Respond #2 below- with at least 150 words and include cited information from anywhere your information used was related information to support your response.
Give an example of major global crimes. How do these crimes and other criminal issues impact global criminal justice systems? How can we improve the overall effectiveness of strategies employed to combat these global crimes and criminal issues? Explain
The response #2
When I think of global crime issues, today my mind goes straight to cyber crime. Caber crime is something that we as a nation are falling victim to much to often. This is not to be limited to local crimes but all throughout big government and even issues of homeland security. Much of my pursuit for career in law enforcement will focus on this area and this is why I address it.
Caber crime is defined as any criminal acts able to be carried out through use of technological advances within the internet.
Some of the more disturbing issues with cybernetic is other countries that we are not allied with, having the power to take data from the source of safety from the American people. Of course this does not categorize cybernetic as only foreign, though foreign can be some of the most illusive and dangerous. There has been a rise of this same form of criminal activity domestically as well. Cybercrime is well understood as a range of illegal activities that share commission through ELECTRONIC information and communications to carry out their illegal tasks within their networks, as explained by Maquire, M., & Okada, D. (2011). The issue is that many criminologists work so hard to define the issue of cybernetic they have forgotten to research how to deter and stop it. This naturally rises the issue of jurisdiction. “Wilson and Corey (2000) conceptualize electronic space by three distinctions: (1) the physical infrastructure, such as servers, switches, routers, and cables; (2) virtual disparities, or the power relations derived from the digital divide between those who have greater access to the Internet and those who do not; (3) the demarcation of interaction of places, such as online communities that have informal regulations for interactions and restrictions for membership.” This only seems to cause more issues of boundary to fix a growing issue. Many criminologists and legal scholars have investigated the fit of law enforcement against cybernetic. This makes it impossible for any, one jurisdiction, to address cybernetic acts due to the nature of where the crime was committed. This is why a collective of governmental officials will be the very best chance at fighting such criminal activity along with new ways to arm the people in their day to day lives.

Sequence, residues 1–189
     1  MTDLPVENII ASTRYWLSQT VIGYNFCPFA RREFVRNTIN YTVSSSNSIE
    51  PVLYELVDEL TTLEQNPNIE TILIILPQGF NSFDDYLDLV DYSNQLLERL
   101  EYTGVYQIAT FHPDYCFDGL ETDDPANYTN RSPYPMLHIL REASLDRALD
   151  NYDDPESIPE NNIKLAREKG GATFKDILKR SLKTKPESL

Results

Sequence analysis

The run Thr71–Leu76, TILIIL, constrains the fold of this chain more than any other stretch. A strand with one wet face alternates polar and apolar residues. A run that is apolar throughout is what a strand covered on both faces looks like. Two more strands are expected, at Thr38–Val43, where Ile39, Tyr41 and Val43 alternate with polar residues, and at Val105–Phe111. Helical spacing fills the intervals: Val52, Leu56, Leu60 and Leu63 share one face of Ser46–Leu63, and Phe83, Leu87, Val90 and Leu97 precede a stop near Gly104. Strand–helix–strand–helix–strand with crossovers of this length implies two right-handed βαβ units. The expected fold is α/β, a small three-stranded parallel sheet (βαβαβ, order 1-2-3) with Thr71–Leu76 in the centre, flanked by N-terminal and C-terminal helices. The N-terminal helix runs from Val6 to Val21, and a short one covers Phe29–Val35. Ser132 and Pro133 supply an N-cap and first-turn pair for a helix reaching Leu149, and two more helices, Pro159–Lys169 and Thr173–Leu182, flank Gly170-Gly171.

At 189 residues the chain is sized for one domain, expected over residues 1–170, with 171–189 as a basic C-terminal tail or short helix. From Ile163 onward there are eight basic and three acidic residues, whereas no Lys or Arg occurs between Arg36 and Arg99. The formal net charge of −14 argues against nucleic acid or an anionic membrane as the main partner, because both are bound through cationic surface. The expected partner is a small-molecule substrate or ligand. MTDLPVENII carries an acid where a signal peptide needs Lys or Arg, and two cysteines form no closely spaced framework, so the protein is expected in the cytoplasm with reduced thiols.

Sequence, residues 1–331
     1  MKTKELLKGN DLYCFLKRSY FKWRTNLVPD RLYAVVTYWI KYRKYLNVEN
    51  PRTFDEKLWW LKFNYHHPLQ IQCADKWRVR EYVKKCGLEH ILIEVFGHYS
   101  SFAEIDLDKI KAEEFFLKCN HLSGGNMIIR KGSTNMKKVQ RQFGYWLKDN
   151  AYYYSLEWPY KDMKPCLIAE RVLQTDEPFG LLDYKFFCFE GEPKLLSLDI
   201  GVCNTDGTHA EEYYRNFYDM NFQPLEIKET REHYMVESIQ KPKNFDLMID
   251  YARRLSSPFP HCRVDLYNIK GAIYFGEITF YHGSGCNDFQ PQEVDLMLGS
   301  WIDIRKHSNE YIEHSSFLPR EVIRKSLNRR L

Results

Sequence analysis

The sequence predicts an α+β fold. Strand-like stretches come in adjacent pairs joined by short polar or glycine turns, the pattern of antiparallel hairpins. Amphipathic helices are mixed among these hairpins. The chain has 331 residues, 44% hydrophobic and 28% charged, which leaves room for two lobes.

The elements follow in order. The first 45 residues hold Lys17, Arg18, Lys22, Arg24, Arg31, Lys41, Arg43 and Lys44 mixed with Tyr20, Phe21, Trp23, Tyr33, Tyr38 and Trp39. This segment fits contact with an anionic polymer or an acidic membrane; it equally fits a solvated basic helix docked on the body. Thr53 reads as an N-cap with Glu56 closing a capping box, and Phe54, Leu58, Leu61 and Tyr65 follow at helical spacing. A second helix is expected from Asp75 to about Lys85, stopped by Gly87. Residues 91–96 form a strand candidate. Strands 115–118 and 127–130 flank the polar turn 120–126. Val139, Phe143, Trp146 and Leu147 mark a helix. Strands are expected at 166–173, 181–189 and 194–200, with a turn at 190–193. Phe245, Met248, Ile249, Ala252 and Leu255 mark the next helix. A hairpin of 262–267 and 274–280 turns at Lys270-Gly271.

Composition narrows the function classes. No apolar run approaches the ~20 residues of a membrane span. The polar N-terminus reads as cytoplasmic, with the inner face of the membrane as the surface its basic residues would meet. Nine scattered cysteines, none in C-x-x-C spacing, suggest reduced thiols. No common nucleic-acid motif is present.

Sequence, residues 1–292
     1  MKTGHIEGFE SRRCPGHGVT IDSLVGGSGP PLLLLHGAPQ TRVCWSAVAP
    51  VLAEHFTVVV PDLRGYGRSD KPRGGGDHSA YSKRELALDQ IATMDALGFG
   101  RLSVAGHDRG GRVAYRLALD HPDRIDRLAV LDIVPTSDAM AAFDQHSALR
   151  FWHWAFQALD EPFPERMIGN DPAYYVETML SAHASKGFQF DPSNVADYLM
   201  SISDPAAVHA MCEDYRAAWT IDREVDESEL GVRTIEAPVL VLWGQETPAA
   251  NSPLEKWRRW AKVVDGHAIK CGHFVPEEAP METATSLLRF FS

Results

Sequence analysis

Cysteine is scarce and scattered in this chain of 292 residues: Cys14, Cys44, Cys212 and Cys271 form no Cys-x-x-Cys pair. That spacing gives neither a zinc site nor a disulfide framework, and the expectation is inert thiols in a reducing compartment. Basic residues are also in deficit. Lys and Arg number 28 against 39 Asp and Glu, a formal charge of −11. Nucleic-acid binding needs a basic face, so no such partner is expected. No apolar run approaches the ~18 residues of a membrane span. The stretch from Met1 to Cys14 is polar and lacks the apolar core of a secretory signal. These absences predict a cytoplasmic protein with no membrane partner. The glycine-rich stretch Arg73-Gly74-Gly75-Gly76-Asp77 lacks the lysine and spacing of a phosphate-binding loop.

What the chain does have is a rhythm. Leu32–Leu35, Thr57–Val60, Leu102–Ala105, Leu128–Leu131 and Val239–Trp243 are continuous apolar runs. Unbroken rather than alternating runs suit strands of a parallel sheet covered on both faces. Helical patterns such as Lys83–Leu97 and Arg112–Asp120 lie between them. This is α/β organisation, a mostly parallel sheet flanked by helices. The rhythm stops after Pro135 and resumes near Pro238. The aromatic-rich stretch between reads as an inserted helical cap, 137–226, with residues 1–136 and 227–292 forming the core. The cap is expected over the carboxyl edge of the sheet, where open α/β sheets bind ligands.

Maquire, M., & Okada, D. (2011). Critical issues in crime and justice: Thought, policy, and
practice. Newbury Park, CA: Sage.